New data presented at AACAP’s 63rd Annual Meeting (Oct. 24-29, 2016 in New York, NY) confirmed the presence of specific genetic mutations in many children with Attention Deficit Hyperactivity Disorder (ADHD). The study team, led by Dr. Josephine Elia, M.D., Neuroscience Center, Department of Child and Adolescent Psychiatry, Nemours/Alfred I. DuPont Hospital for Children, studied a US population of children suffering from ADHD. The data confirm the observations previously made by Dr. Elia and colleagues at The Children’s Hospital of Philadelphia (CHOP) in 2010 and underscore the importance of the role of glutamate receptors (mGluR) in diseases like ADHD. The study was sponsored by Medgenics, Inc.
“There is increasing interest in the critical role of glutamate neurotransmission in ADHD and other neuropsychiatric disorders,” said Josephine Elia, M.D., Neuroscience Center, Department of Child and Adolescent Psychiatry, Nemours/Alfred I. DuPont Hospital for Children and principal study investigator. “This study suggests that mutations that can disable genes in this critical network can be causally associated with ADHD. Such mutations are present in up to 25 percent of children with ADHD, and suggest new genomics targeting strategies to better treat the disease.”
A total of 23 investigators in centers across the USA enrolled 1,013 children, aged 6-17 years, with established ADHD. Phenotype data was collected and saliva samples were submitted to The Center for Applied Genomics (CAG) at CHOP for genotyping. Overall, the mutation frequency was 22%, with a higher prevalence of 25% observed in patients aged 6-12. Interestingly, when compared to mutation negative ADHD patients, the patients with the mGluR mutations were more likely to have concerns about anger control and disruptive behaviors. Medgenics is currently conducting additional research to better understand the relative severity of ADHD in patients with a network mutation and the contribution of individual genes.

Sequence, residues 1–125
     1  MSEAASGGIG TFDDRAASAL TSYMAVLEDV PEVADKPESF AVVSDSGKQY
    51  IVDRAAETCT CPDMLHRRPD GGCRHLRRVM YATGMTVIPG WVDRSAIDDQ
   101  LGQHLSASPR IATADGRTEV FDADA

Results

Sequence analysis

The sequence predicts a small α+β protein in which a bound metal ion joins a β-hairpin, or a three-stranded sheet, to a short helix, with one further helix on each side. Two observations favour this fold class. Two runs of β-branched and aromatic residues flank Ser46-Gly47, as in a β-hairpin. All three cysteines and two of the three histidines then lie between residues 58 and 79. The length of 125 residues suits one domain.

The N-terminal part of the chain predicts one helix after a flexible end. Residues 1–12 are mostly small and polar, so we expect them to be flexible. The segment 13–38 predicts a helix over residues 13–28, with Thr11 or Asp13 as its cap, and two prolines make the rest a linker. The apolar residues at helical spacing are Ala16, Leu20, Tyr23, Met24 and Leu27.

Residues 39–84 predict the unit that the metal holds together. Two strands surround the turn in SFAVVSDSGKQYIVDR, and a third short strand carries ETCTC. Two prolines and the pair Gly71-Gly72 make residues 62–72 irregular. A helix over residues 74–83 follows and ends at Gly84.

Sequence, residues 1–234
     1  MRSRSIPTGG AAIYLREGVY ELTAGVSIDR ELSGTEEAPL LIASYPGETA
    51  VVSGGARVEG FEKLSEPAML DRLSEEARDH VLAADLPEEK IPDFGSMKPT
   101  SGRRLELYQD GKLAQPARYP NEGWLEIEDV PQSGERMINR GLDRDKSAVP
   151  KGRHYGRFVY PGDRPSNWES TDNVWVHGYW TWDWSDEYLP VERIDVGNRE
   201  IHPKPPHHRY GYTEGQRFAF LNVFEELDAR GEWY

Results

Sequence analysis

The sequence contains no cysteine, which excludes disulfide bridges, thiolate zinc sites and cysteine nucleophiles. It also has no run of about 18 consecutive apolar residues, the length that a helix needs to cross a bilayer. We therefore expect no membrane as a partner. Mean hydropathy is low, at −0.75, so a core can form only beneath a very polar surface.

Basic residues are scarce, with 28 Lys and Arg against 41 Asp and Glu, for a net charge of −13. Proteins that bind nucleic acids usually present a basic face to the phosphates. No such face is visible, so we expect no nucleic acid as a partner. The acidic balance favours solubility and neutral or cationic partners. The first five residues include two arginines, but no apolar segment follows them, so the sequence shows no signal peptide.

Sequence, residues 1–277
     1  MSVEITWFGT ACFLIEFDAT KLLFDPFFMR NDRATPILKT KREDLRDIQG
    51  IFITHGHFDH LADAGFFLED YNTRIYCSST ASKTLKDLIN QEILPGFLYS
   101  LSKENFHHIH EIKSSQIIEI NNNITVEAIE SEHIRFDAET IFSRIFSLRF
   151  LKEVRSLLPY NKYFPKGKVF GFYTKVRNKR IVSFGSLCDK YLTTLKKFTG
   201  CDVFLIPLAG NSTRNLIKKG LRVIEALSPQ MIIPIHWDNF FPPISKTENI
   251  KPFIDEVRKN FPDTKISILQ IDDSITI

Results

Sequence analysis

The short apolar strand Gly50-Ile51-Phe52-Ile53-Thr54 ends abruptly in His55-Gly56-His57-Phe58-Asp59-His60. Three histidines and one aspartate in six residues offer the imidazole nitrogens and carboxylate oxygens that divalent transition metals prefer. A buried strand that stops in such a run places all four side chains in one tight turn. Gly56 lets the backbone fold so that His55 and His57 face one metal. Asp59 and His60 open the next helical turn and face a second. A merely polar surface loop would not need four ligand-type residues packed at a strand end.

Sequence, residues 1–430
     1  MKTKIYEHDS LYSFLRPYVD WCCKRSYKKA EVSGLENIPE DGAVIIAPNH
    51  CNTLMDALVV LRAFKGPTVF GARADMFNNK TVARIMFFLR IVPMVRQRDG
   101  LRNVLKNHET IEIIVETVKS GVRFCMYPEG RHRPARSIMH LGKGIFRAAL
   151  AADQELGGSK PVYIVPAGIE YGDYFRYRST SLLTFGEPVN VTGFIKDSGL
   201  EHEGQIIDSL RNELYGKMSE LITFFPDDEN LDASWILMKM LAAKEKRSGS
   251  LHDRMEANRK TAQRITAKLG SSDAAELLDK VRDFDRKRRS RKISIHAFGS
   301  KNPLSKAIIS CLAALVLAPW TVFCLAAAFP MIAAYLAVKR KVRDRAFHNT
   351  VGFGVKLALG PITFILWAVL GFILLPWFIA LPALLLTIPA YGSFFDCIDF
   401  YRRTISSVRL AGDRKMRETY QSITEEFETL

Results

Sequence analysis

“The results of this study support our ongoing Phase 2/3 interventional adolescent ADHD trial, known as SAGA” said Liza Squires, M.D., Vice President, Research & Development, Medgenics, Inc. “Our ultimate aim is to develop a genomically targeted, safe and superior product for this subpopulation of ADHD patients. This would be the first such targeted therapy in any CNS disease and highlights the emergence of precision medicine in this therapeutic area.”
ADHD is the most common neurodevelopmental disorder of childhood and is generally characterized as a persistent pattern of inattention and/or hyperactivity-impulsivity that interferes with functioning or development. Approximately 11% – or 6.4 million – of U.S. children (4-17 years of age) have been diagnosed with ADHD, according to a recent study conducted by the Centers for Disease Control and Prevention (CDC) and the Health Resources and Services Administration.